General 8-7-2004

Fringe Diary: Rehearsal

Lightsey Darst is dancing in the Fringe--here' s her take on what it feels like to move from the audience to the stage.

Brinsley opens a bag of Twizzlers. She is wearing a nude under-leotard and a satin faux tutu with fuchsia lacing up the front. Her legs are bare and her platinum hair (brown roots flaunted) is spiked up into little knots and ponytails. Next to me one of the guys fights with his false eyelashes while I try to decide on a one-sentence bio. What part of my life is relevant here? Meanwhile, on the blond new floor of Patrick’s Cabaret, a dancer stretches her leg over her head, flops on her back, giggles, turns a page in the magazine she is/is not reading. Rehearsal.

It began innocently enough. I met the choreographer, we exchanged phone numbers, we forgot to call, three months passed. But then we met again, and she still had space, and I was still interested, frightened, and anxious, so I went to my first rehearsal for a Fringe show.

A little background: I performed with an amateur ballet company during high school and college, but I haven’t performed since. I usually say I’m a writer, a poet, and a dance critic, not a dancer. It’s true that I’ve gone on taking classes, and it’s also true that calling yourself a dancer is mostly a matter of self-definition, since hardly anyone makes a living from it, but I still like to preserve the distinction. I’m not involved. I may go to class, but it’s mainly to watch dancers and think about dance. I keep a critical distance. Right?

At first I’m not very involved. I don’t believe, somehow, that this is actually going to happen; I let steps float in and out of my head, skip a rehearsal, don’t tell anyone that I’m going to be in the Fringe. But slowly things change. I skip another rehearsal, sit on the back porch drinking a vodka lemonade and feeling guilty and wishing I was downtown. I become attached to sequences, certain steps. I blurt out the news at parties—“I’m rehearsing for the Fringe Festival!”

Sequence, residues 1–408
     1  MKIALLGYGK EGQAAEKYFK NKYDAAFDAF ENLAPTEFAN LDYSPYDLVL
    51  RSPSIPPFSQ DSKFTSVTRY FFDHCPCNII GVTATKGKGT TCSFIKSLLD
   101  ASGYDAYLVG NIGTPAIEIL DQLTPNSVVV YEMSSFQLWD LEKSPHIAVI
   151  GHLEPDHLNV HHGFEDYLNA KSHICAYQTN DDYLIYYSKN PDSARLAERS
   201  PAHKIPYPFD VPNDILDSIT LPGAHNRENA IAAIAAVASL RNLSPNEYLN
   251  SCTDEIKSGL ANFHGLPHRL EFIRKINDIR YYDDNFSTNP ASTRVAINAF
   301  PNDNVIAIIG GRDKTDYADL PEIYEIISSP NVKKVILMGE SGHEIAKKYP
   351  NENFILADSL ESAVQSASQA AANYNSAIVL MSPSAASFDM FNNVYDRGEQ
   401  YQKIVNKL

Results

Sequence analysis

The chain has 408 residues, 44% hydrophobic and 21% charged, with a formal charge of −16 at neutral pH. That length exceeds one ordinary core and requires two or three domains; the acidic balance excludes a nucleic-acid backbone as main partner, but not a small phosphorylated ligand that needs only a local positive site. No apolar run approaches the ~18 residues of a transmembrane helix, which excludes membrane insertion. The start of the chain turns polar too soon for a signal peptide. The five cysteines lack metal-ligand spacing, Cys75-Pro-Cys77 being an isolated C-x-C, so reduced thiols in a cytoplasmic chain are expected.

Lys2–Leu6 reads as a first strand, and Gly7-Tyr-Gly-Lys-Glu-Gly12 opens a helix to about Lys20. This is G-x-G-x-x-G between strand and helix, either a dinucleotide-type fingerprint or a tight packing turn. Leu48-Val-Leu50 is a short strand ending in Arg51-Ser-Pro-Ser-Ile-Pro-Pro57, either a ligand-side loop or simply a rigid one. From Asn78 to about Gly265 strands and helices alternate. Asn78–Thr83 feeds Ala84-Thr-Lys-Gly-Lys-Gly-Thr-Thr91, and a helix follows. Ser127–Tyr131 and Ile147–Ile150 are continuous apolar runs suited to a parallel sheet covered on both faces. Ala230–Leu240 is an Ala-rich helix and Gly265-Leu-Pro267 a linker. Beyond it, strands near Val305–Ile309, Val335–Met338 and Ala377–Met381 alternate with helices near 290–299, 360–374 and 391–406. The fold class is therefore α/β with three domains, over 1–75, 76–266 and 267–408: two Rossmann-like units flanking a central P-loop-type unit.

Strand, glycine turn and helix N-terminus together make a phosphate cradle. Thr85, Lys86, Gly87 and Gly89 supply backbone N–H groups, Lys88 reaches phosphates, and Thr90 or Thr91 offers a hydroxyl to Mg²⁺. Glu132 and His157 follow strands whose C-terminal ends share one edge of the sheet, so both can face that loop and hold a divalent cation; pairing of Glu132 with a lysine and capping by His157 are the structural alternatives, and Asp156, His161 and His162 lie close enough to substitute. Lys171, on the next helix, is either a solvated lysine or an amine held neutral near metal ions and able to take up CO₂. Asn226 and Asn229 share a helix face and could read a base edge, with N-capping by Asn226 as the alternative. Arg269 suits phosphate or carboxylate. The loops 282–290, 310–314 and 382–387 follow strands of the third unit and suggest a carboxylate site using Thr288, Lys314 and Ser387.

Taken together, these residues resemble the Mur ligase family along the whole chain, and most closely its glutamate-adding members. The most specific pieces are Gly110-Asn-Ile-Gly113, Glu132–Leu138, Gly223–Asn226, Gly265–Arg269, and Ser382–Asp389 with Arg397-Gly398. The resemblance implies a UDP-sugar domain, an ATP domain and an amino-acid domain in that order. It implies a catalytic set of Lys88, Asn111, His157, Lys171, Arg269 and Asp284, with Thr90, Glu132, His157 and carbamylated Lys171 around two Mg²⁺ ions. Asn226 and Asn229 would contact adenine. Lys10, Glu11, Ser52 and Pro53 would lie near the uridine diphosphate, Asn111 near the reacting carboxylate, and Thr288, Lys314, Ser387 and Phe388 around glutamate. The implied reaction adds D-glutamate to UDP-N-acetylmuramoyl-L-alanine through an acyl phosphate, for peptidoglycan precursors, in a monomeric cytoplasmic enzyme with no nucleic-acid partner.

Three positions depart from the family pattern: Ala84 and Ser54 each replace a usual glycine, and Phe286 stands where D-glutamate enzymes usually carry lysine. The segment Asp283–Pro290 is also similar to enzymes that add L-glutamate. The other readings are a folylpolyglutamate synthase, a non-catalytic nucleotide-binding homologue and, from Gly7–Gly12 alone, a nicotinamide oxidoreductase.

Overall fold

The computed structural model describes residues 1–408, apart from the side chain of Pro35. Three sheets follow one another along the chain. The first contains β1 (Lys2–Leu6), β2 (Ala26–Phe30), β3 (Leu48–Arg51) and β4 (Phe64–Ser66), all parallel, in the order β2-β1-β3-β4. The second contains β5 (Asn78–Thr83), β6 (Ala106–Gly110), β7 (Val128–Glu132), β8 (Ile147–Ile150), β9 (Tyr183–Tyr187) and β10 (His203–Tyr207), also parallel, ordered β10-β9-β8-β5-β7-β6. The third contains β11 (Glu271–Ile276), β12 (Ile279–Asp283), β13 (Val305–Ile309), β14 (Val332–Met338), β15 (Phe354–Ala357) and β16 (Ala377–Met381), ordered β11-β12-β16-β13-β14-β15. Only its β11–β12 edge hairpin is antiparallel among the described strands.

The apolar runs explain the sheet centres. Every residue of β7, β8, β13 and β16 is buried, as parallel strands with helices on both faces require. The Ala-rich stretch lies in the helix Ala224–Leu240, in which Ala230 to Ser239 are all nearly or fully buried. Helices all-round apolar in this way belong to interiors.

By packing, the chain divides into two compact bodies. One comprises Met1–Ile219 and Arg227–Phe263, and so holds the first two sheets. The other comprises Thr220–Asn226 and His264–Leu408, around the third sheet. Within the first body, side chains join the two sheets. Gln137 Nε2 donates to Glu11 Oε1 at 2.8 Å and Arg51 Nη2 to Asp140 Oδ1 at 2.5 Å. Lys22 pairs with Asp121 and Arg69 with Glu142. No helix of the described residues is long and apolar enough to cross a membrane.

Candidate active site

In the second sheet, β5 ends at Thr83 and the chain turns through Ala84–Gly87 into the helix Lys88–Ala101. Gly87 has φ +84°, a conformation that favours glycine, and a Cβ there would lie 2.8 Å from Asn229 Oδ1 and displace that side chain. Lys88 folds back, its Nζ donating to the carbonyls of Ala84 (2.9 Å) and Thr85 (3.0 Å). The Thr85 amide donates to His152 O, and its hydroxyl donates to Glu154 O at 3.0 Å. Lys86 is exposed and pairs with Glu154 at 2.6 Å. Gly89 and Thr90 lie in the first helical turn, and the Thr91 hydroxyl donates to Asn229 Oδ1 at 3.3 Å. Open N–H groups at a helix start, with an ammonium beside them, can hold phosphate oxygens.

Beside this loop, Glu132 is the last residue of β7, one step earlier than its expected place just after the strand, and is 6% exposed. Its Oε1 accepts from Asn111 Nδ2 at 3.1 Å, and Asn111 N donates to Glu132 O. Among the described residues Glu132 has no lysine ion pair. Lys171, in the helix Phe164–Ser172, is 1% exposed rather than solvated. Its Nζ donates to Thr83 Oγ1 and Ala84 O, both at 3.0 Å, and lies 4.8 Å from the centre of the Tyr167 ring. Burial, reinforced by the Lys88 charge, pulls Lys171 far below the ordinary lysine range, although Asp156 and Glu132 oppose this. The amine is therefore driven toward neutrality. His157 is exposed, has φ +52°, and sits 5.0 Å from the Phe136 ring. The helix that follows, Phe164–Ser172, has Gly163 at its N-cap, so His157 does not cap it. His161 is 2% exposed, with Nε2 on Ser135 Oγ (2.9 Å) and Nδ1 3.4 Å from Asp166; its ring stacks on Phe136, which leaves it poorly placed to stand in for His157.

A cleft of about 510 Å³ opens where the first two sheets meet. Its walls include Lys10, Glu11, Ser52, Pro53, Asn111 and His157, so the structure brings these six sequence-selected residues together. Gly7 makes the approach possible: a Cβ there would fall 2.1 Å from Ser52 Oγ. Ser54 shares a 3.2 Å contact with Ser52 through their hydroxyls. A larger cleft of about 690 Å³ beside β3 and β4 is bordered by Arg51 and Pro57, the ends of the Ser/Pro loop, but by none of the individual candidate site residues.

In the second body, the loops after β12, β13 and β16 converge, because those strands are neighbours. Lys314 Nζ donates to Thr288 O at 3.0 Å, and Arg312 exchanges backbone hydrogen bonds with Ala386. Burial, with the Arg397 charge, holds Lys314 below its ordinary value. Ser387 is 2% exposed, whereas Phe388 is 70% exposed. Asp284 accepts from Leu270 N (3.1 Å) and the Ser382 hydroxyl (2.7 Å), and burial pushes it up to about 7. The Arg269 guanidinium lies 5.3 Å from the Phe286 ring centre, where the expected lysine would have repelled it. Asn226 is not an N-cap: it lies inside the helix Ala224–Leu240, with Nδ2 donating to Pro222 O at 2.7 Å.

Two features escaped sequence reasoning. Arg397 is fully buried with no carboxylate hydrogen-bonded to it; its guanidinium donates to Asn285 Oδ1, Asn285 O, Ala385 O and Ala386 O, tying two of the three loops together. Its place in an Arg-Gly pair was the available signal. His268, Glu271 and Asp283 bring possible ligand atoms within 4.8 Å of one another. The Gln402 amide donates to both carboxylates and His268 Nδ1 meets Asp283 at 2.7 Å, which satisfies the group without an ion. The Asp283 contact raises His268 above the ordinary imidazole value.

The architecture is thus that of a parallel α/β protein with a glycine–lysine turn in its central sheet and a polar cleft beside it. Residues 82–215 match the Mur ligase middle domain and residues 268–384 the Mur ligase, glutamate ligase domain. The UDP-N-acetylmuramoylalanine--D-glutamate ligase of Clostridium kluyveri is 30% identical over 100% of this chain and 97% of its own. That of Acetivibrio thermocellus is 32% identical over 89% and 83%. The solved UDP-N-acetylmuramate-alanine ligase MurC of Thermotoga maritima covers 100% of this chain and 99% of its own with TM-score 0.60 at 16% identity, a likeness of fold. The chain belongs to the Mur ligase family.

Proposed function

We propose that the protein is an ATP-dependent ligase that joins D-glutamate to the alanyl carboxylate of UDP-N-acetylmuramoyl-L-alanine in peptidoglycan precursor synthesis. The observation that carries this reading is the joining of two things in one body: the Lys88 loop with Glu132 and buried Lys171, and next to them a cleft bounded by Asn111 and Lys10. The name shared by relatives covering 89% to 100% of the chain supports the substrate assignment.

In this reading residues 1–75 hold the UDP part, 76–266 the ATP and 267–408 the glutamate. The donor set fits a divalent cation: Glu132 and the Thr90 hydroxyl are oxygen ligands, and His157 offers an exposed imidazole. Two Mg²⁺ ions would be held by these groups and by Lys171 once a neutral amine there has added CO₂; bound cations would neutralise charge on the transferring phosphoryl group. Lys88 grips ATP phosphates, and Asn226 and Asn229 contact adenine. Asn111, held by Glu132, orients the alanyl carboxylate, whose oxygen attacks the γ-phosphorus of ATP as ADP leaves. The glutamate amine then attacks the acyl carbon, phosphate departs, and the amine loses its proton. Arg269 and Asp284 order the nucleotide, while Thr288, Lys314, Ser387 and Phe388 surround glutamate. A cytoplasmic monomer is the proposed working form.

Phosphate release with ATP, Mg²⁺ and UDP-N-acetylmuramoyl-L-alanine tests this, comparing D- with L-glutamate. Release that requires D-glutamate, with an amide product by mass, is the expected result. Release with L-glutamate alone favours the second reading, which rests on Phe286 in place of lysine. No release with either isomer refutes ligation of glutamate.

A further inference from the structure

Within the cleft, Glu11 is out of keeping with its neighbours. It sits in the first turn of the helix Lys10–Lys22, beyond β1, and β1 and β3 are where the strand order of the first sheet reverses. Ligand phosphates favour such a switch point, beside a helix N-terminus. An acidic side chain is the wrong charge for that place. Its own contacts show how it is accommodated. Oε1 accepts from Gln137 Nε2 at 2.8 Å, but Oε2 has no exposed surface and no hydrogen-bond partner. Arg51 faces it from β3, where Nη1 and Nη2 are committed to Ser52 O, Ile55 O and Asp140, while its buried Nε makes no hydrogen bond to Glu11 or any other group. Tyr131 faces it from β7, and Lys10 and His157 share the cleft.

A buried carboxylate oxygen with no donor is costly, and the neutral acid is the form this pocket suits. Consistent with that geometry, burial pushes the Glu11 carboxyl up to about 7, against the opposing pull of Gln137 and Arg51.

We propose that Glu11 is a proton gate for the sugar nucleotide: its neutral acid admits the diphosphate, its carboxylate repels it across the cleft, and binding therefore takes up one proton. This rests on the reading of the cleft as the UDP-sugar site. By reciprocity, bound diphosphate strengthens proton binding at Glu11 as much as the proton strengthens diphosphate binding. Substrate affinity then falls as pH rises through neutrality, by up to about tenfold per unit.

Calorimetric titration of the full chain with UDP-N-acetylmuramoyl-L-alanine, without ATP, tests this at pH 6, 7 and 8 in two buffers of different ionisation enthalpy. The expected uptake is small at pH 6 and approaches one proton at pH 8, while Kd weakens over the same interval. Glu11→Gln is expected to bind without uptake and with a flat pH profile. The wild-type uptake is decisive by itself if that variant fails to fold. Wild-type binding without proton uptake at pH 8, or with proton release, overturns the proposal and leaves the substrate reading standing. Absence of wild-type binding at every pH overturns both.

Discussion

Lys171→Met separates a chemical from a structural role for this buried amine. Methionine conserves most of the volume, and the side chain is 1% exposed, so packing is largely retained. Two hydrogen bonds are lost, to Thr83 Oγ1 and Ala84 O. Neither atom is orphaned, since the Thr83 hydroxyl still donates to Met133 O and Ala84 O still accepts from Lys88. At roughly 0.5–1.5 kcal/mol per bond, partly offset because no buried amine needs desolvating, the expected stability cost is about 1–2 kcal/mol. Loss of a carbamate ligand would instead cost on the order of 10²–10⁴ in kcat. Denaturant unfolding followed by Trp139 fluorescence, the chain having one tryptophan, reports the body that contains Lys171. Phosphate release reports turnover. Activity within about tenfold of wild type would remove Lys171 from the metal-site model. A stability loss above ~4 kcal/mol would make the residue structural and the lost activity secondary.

It’s late May. Rehearsal is supposed to start at 8:30 pm, but it’s 8:45 and we’re sitting around talking about Jamey’s fiancé, how she met him, etc. “This is when I was into costume changes,” she says. “I was changing my clothes fifteen times during a party. Remember?” Someone notices sunset and we go to the windows to watch it—pink and orange over the strip club next door, tropical, nuclear. “You were always into costume changes,” says Haley. “Oh.” Jamey shrugs her shoulders. We get up, climbing off the floor as if our feet were a story up.

Getting choreography is like having your scalp massaged. “Put your arms like this.” You do what you’re told, pause. “No, try it like this.” You switch, wait. “Can I see it like this?” It’s a relief to be told what to do, to be decisionless, a mannequin. It’s also, in the early stages, completely without responsibility, because the choreography changes often. Remembering can be a liability. I float through rehearsal, half-hypnotized.